Smoking Heroin: Side Effects, Withdrawal Symptoms, Overdose & Heroin Treatment Options
Heroin is one of the most well-known illicit drugs in the world.
An opioid, heroin is made from morphine, a narcotic that is commonly used to relieve pain. Heroin can be found in powder form in colors ranging from white to brown, and it can also come in the form of a tacky black substance.1
Heroin is abused due to the “rush” that occurs following consumption of this drug. This intense feeling of pleasure often results in persistent use, as the user attempts to replicate that first experience with the drug. After heroin enters the brain, it is converted back into morphine, producing a similar effect to the medicinal drug. Heroin has seen a significant increase in popularity in the last 15 years, and it continues to be one of the more dangerous drugs available.
Heroin can be consumed in a variety of ways, the most common methods being smoking, snorting, and injecting the drug. To smoke heroin, users burn the substance and inhale the smoke into the lungs. With snorting, the drug is inhaled in powdered form through the nose. Heroin is also injected intravenously in liquid form.
There is a common misconception that smoking or snorting heroin is not as addictive as injecting it. Heroin is very addictive no matter the method of use, and it can have drastic effects on the body, both in the short-term and the long-term. Smoking heroin is extremely dangerous, and the belief that it is safer than other methods of ingestion is a hazardous myth.
Effects on the Body
The aforementioned rush is what draws most people to heroin. This surge of euphoric feelings is often accompanied by a warming sensation, a heavy feeling in the limbs, and drying of the mouth. According to the National Institute on Drug Abuse (NIDA), heroin makes users feel as if things around them have slowed down, and they often feel sleepy as a result. Pupil constriction, or decrease in the size of the eye pupil, is also common.
These short-term effects are often felt 10-15 minutes after smoking heroin, according to the Center for Substance Abuse Research (CESAR) at the University of Maryland.2 Following the initial euphoric rush, effects of the drug tend to last a few hours. This period is often referred to as being “on the nod,” a state alternating in and out of drowsiness. A person can be mostly unresponsive to outside stimuli at times during this stage.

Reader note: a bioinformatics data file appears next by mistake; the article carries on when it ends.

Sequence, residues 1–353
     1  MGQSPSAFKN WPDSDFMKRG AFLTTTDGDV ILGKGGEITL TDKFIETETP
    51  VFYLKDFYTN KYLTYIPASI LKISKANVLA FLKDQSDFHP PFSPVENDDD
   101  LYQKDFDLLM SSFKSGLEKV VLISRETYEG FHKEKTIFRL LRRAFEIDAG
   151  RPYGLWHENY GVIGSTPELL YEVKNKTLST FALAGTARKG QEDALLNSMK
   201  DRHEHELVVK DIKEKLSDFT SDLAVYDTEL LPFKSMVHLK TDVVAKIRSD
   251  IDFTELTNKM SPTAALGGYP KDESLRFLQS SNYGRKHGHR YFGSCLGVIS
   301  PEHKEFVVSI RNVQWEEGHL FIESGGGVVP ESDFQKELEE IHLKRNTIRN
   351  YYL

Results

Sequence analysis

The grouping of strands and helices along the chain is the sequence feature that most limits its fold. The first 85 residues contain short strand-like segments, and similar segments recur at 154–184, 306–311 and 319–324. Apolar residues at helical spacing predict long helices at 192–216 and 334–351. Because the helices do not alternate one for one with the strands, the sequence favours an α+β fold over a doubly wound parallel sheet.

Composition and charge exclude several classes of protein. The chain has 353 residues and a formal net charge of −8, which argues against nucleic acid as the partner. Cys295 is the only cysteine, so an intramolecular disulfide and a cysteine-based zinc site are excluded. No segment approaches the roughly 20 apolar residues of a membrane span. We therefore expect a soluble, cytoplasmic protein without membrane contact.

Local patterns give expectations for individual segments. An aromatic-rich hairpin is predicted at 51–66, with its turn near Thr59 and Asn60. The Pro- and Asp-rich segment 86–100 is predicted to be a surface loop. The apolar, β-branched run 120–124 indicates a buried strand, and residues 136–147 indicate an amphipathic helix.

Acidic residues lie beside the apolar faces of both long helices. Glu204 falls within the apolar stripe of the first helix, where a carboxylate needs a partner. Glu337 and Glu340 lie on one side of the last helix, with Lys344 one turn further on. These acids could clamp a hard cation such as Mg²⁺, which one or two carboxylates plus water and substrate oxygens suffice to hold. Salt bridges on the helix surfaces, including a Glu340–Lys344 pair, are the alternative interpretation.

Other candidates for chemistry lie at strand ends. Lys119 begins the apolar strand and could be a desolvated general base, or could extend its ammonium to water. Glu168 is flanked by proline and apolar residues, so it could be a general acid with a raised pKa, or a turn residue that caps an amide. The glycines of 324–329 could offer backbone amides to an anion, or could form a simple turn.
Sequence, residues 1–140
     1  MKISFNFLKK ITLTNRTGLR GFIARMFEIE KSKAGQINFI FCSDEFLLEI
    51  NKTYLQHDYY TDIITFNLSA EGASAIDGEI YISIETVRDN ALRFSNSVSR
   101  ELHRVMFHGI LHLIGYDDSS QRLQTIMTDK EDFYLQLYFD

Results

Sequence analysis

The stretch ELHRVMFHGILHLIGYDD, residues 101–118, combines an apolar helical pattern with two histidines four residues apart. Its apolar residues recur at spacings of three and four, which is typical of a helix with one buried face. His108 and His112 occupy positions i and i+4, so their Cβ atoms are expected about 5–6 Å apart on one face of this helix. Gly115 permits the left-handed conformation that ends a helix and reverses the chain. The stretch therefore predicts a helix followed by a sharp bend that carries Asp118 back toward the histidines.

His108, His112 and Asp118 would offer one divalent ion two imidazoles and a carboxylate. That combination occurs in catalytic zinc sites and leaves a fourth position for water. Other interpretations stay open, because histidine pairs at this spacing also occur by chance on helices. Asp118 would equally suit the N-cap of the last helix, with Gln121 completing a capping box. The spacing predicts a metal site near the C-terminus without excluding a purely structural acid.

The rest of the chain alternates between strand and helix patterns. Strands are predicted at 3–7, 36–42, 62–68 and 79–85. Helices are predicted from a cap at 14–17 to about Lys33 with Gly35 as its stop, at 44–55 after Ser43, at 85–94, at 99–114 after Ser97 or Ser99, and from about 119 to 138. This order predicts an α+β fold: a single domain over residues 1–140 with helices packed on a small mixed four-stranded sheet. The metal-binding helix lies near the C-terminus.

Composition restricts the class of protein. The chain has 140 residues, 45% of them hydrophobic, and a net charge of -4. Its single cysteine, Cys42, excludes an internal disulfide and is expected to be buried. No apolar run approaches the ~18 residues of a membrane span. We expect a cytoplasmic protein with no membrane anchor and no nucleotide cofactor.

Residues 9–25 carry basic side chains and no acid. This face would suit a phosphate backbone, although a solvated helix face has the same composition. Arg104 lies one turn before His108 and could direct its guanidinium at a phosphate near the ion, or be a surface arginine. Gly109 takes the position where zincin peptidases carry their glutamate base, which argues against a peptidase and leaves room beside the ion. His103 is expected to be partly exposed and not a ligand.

Not all short-term effects of heroin are pleasurable. Mental functioning becomes dulled, and breathing can be slowed to dangerous levels. There have been cases of respiratory failure following the consumption of heroin, showing the danger of this particular substance. Some heroin users experience a severe sense of itching on their bodies, and nausea and vomiting can occur as well. While these symptoms are obviously not positive ones, they are often not enough to dissuade use of the substance for those addicted to it.
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Heroin is extremely addictive, which makes it a major problem drug in the United States. Heroin users can develop a physical dependence on heroin, and withdrawal symptoms are experienced in a relatively short period of time. While many users begin by smoking or snorting heroin, they often progress to injecting the drug since it provides the most direct method of administration and the most intense high.
The popularity of the drug has been on the rise as of late, according to the Centers for Disease Control and Prevention (CDC), as have heroin-related deaths.4 From 2002 to 2012, the number of heroin-related deaths in the United States more than quadrupled, and 2015 saw more than 12,000 people die as a result of the drug.4 Heroin is becoming an increasingly more concerning issue with young adults as well. Use by adults between the ages of 18 and 25 has more than doubled in the past 10 years.4